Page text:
…if we are faithless, he remains faithful, for he cannot disown himself.  II Timothy 2:13

I am reviewing the life of King David, the “sweet singer of Israel” (II Samuel 23:1), the king described as “a man after God’s own heart” (Acts 13:22).  It almost seems unfair that David gets to be listed in the ranks of saints of the ages.  But that is God’s designation, not ours.

David’s relationship with Bathsheba could be viewed as a sin of the flesh.  After all, David should have been out doing his kingly duty and fighting with his men (II Samuel 11:1, 2) when he stayed home and was attracted to Bathsheba.  The relationship that followed David’s yielding to temptation is not unusual.  But the cover up is reprehensible.  When Uriah, Bathsheba’s husband, refuses to visit his wife two times during his return to Jerusalem, David meticulously plans his murder and sends the order for his execution in Uriah’s own hands.  It’s obvious that Uriah is highly trusted; he could have read David’s order and avoided death.

There are other records of David’s careless approach to his responsibilities before God:  his pride in numbering the soldiers of Israel (I Chronicles 21:2), his overlooking Joab’s murder of Abner (II Samuel 3:30), and his lack of discipline of his children (II Samuel 13:21, 28, 29, 18:5).  And yet, God saw David as a man after his own heart.

God knew David, the man who spent time meditating on him, praising him, and instructing the priests and the people in worship.  God saw David’s heart, and God saw David’s instant response when confronted by Nathan, the prophet:  “Against thee, thee only, have I sinned, and done this evil in thy sight.”  (Psalm 51:4)  David understood that sin breaks the heart of God, even more so than the ones feeling its pain.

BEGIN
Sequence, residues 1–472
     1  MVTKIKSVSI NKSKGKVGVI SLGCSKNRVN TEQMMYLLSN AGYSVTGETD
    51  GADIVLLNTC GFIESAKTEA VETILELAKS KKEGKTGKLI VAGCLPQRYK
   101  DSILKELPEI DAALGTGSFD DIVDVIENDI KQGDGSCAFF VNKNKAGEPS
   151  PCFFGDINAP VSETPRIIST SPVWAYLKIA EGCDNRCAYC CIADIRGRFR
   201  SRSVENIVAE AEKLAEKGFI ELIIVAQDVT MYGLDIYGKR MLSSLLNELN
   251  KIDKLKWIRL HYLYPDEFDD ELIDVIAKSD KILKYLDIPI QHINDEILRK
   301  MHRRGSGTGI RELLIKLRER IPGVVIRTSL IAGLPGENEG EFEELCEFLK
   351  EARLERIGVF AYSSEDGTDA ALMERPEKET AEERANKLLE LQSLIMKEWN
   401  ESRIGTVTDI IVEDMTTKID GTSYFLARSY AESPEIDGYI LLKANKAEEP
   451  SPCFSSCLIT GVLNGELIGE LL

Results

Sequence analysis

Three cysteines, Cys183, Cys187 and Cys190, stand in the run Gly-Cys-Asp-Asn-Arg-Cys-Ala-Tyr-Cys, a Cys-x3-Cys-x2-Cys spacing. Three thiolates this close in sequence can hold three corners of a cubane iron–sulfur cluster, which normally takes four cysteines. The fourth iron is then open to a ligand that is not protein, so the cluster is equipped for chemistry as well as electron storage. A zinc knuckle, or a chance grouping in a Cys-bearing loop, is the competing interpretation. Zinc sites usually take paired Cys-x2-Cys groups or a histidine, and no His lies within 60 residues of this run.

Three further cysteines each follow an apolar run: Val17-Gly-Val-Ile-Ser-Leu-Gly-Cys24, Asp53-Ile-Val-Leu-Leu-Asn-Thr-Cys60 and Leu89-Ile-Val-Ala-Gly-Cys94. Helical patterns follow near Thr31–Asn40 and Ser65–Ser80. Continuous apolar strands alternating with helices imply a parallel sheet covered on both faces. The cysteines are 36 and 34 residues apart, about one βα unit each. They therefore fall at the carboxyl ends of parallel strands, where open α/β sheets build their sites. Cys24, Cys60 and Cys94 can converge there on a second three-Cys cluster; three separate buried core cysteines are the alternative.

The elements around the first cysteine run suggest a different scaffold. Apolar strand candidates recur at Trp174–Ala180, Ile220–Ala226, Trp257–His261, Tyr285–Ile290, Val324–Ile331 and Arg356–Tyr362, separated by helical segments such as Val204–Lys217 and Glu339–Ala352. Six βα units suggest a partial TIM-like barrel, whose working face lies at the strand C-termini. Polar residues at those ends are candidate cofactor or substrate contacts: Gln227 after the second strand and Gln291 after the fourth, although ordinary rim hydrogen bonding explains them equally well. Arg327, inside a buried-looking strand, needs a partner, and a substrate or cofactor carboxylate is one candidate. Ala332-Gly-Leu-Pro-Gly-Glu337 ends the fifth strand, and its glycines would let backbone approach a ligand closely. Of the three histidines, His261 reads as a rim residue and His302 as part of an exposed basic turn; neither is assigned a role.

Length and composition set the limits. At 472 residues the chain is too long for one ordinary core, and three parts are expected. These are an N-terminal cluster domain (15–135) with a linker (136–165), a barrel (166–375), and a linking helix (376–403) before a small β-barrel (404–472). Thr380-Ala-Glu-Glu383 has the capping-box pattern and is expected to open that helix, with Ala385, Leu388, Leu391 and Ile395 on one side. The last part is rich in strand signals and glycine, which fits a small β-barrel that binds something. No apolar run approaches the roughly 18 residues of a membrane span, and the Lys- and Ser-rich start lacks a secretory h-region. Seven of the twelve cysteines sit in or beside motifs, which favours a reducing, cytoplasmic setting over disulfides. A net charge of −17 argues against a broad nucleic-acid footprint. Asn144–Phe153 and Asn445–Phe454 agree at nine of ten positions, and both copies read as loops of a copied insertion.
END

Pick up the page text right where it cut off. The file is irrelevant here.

In Psalm 16:2, David confesses, “You are my Lord; apart from you I have no good thing.”  David throws himself onto God’s mercy in full recognition of his need for cleansing and God’s grace (Psalm 51:1, 2).   Like Paul, David recognizes that “by the grace of God” he is who he is (I Corinthians 15:10).

And while we sometimes look at ourselves (or others) seeing only the flaws, even the sins, God looks at our hearts (I Samuel 16:7) and responds to genuine repentance, forgiving at least seventy times seven (Matthew 18:2).  He knows that one who has been forgiven much loves much (Luke 7:7).  But even more than this, God is not dependent on our faithfulness to remain faithful.  Faithfulness is an intrinsic part of God’s nature, and he remains faithful to his character forever.

Let us be encouraged in our journey to faithfully follow our Lord without fear, guided by love (which calls us to obedience), and without condemnation (walking in the Spirit).  He will never leave us or forsake us.  He is always faithful, and we can be.


Father, we are often overwhelmed by your love and your faithfulness that came at such cost to you.  Continue your good work that we may in turn be faithful to you.  In Jesus’ name.  AMEN.

Author: mcurry09

Marthe Curry is director of the World Missions Department of her diocese in Texas. In that capacity, she frequently travels internationally to empower individuals and communities in discipleship and development. She loves to teach, write, and garden. Marthe has a Ph.D. from the University of the Incarnate Word. She has two children, grandchildren, two dogs, and lives in San Antonio. She looks forward to your comments and questions.

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